Jan. 17, 2020It was tempting to begin this article with a statistic: The number of disposable pads and sanitary products a person with a period uses over their lifetime. Then broken down into pounds of trash that equals out to, further broken down into pounds used—and
But as I typed the sentences I realized something: If I were to begin this article with statistics, numbers and environmental impact information, I would be perpetuating a feeling most women and girls are well-acquainted
While the tide seems to be turning in the direction of actually talking openly about and acknowledging that periods exist, society has a-ways to go when it comes to providing access to safe, environmentally-friendly period products. As young girls, we’re presented with two options: pads or tampons. Take your pick. Until recently, tampons and pads have been the gold standard when it comes to period care (despite that fact that the period cup has existed since the ‘30s), and very little progress has been made in making these products any better for the user and any less environmentally impactful for the planet.
Until recently. While
If the gears are turning and you’re thinking, wait… period UNDERWEAR? Yes, you’re correct, and that’s what I thought too before I tried them out about a year ago. Tired of having to purchase products every month and looking for ways I could reduce the amount of garbage I was producing, I decided to give Thinx
Now, one year later, not only do I almost exclusively use Thinx during my period, but I’ve joined the company as a Thinx Leader to help share period education. But before we dive into the how and why behind the company, let’s look into
Okay, now it’s statistic time!
It’s estimated that a person with a period will use approximately 11,000-16,000 tampons or pads in their lifetime. And that’s not including other period accessories, such as panty liners, heating pads, pain relievers, and more. This not only results in a large amount of garbage (obviously none of these products can be recycled), but the costs add up as well, resulting in what’s commonly known as the “Pink Tax”. Basically the pink tax is what it costs to be a female-identifying consumer. Women not only pay more for products (products marketed to women and girls cost approximately 7% more than products marketed towards men and boys), but there’s the added cost of products women need, like pads and tampons.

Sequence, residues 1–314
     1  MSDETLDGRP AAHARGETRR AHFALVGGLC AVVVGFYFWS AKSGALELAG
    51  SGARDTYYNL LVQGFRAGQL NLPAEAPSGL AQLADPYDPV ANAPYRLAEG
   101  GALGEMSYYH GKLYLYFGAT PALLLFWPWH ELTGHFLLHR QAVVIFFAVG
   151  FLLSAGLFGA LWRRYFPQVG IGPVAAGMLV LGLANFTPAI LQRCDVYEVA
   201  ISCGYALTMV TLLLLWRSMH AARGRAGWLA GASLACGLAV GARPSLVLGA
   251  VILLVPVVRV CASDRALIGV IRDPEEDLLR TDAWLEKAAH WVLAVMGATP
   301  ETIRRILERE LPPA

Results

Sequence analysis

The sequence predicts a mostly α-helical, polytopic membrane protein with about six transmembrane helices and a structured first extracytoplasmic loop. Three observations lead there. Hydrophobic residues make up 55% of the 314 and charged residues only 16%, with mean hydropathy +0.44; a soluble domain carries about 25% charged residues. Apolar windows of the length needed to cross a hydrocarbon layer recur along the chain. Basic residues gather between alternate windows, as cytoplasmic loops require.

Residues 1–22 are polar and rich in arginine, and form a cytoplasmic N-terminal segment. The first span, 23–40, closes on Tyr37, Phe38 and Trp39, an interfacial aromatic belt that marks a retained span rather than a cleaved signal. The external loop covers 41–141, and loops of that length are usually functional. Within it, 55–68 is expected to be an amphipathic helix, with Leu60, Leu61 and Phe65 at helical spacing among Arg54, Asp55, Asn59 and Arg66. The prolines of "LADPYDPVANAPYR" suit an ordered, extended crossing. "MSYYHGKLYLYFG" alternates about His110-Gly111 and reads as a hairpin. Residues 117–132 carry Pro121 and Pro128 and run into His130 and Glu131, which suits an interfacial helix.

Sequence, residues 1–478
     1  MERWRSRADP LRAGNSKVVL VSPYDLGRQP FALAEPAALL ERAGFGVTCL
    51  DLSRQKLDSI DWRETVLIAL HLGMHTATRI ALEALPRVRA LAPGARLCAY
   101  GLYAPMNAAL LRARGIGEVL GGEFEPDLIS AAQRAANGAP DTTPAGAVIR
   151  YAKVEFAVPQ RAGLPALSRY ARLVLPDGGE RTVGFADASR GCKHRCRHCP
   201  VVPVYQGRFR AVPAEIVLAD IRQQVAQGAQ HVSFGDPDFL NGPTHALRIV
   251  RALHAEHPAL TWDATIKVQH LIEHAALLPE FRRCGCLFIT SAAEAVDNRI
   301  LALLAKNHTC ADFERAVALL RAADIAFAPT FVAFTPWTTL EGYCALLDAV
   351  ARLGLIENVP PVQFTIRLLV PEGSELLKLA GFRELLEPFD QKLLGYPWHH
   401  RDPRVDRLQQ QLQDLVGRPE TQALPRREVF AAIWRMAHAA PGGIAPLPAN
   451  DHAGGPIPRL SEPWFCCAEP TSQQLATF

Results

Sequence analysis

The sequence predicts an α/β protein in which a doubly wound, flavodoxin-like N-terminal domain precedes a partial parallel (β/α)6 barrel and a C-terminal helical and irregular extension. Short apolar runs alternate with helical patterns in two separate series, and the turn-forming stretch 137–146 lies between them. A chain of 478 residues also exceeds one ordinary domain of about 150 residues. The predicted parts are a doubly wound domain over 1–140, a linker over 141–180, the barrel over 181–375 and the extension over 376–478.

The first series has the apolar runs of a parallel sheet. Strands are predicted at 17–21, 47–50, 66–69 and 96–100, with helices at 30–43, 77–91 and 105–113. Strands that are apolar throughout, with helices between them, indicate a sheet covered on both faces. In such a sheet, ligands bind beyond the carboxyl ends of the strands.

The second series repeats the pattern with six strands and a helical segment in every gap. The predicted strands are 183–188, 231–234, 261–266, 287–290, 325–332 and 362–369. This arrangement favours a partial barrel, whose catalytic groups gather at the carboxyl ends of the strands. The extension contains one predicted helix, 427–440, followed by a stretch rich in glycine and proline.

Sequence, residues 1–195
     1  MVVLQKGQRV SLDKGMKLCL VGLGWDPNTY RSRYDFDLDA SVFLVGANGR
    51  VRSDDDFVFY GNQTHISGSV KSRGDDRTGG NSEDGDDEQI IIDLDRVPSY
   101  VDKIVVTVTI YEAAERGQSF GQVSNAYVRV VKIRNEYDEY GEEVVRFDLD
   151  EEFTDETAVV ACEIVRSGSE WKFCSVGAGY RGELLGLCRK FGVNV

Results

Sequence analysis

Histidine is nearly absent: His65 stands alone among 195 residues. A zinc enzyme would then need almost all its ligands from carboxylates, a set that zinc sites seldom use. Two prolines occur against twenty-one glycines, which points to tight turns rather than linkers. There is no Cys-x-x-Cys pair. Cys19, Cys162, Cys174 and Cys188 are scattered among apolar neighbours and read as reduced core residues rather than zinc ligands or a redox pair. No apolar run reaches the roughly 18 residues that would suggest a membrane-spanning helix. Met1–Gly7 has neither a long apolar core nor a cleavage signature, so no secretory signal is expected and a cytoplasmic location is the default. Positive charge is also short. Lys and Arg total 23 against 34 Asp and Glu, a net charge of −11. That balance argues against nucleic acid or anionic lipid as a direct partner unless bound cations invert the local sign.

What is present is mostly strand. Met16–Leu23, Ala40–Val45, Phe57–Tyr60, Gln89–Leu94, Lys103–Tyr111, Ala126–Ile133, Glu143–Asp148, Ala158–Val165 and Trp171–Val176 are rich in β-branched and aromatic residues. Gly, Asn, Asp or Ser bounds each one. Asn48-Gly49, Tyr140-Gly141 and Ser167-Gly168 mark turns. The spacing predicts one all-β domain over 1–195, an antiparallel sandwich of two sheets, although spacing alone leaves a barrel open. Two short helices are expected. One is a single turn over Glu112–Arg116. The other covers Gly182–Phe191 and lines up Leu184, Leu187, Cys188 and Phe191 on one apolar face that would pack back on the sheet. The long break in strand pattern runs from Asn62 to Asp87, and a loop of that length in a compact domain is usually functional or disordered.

Women spend hundreds of extra dollars per year for period products, many of which are made with harsh chemicals, like chlorine and bleach, and come with additional plastic parts, like applicators, that wash up on beaches and end up in landfills. When you consider how little progress has been made with period products over the years and how much of it ends up as garbage, it’s easy to see why many people have sought out alternatives to conventional sanitary products in recent years. And I count myself among them. A big reason I chose to give Thinx a try was that I was sick of giving my money to a large company every month who’s most recent innovation was a thinner pad that still came wrapped in plastic. The same pad I’d been buying since I got my period for the first time back in the ‘90s.
What makes Thinx unique?
Let’s start with the products themselves. Thinx underwear is made to be worn alone or as
But that’s not the only reason to give Thinx a try. While you and I are lucky to have options and access when it comes to period products, there’s a huge percentage of people who don’t have the privilege.
In fact, 85% of young people have either missed class or know someone who has missed class because of their period. These stats shocked me. No one should miss out on an education simply because of a process their body does naturally—and the costs associated with it. It’s a matter that goes beyond the Pink Tax—and it’s easy to imagine that if this were something considered a “man’s issue” it would have been solved already.
Here’s where Thinx comes in: Through their Give Rise!
Did you know only 13 out of 50 states require the sexual education curriculum taught in schools to be medically accurate? Let that one sink in for a second: medically accurate. And only 8 states require that curriculum to be unbiased against race, sex or ethnicity. Through the Every Body Program, Thinx provides an
Personally, Thinx has changed the game for me. While they take some getting used to, I love knowing that with each use I’m not only cutting down on the amount of waste headed for
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